Tom Robbins

Wild Ducks

gloegea01pic1.jpg ‘The most useful thing about art is its uselessness.’ At least, so says Tom Robbins. If we begin with his premise, then what are we to make of his latest offering, a collection of short works entitled Wild Ducks Flying Backward? Is it usefully useless? Perhaps. Some bold explorers may find his travel articles useful. Otherwise, the various bits and pieces on display here are cheerfully lacking in utility.

That is not to say that Wild Ducks Flying Backward is necessarily art, though. Robbins’ exploits in short form consist primarily of journalistic tidbits – including responses to standard prompts and a few pieces of criticism – along with some philosophical digressions. The fiction, poetry and, yes, two country songs, appear to be wistful experiments and one-off diversions rather than anything Robbins would like to have taken seriously. But can we truly expect that the author of an essay titled ‘In Defiance of Gravity’ (not of the Newtonian variety) and an ode to a salt-and-pepper shaker collector/entrepreneur (with the eccentric moniker ‘Ruby Montana’) wants to be taken seriously? Yes and no, if we are to believe Mr Robbins himself. In ‘In Defiance of Gravity’ he extols the virtue of what he dubs ‘serious playfulness’, and this approach to life and his work is evident throughout all the pieces in this collection, from his paean to a pink hotel in ‘The Eight-Story Kiss’ to his earnest tribute to ‘The Genius Waitress’ and his amusing take on Satan and evil in the poem ‘Triplets’.

This book is not going to change the world. But that’s okay. Of the sixty-eight pieces here (seventy if you count the ‘Three Haiku’ separately), the fiction and poetry are perhaps the least interesting. Certainly Robbins’ vivid prose, which has been a characteristic of his writing, is present throughout, as is his irreverent sense of humor. His short story, ‘Moonlight Whoopee Cushion Sonata’ is as mystical, playful and culturally marginalised – dealing, as it does, with both witchcraft and flatulence – as you would expect of Robbins’ fiction, and ‘The Towers of St Ignatz’ (a movie treatment, according to the author) is as zany as any of his novels. But the unshuttered view of his mind – only obliquely displayed in his fiction – is the real meat of Wild Ducks. Whether reading the qualified homage to his country of residence in ‘How Do You Feel About America?’, the heartfelt admiration of his critique of an art exhibition in ‘Morris Louis: Empty and Full’, or the primal enthusiasm for female genitalia in ‘Canyon of the Vaginas’, Robbins’ words leave a clear trail back to a sensitive, discerning intellect with a counter-cultural slant.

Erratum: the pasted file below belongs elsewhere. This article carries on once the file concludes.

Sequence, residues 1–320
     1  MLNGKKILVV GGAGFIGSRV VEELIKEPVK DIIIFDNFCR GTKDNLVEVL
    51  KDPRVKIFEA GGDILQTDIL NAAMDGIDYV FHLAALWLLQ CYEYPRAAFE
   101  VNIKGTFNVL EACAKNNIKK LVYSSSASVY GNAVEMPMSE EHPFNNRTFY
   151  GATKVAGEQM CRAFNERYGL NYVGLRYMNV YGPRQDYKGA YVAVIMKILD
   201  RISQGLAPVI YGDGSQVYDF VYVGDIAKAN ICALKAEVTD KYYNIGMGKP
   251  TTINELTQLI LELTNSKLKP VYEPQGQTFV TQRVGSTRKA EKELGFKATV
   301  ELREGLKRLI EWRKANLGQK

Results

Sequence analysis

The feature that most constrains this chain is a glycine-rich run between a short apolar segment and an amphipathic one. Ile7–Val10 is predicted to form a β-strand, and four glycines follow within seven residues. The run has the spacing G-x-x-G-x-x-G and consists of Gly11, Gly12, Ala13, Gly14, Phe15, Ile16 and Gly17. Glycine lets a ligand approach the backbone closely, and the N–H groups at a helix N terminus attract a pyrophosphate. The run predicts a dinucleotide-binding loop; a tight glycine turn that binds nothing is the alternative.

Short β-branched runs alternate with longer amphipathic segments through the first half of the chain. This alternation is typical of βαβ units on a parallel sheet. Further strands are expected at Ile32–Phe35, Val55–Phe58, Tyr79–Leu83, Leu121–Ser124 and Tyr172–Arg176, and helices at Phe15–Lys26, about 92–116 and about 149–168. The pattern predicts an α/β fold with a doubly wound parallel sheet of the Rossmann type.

The mission of writers – and all people, according to Robbins – is to undertake the great adventure of the evolution of consciousness, to ‘enlarge the soul, liberate the spirit, and light up the brain.’ An ambitious goal, to be sure. And considering his endorsement of psychedelic drugs and adventure travel, this journey of enlargement and liberation is not one that everyone will take with Mr Robbins. I feel confident that this is neither a surprise, nor an undue bother to him. After all, as he proclaims in his message to his kindred travelers: ‘If our journey into the heart (or vagina) of meaning resembles in any appreciable manner our last trip to the shopping mall, we’re probably doing something wrong.’

For fans of Robbins, Wild Ducks will be a welcome window into the inner workings of this colourful author. And for those unfamiliar with his prior work, his unmistakable love of language and life just might rub off.

Wild Ducks Flying Backward, Tom Robbins, No Exit Press (ISBN 1842431447 PBK £12.99)

© Andy Gloege 2006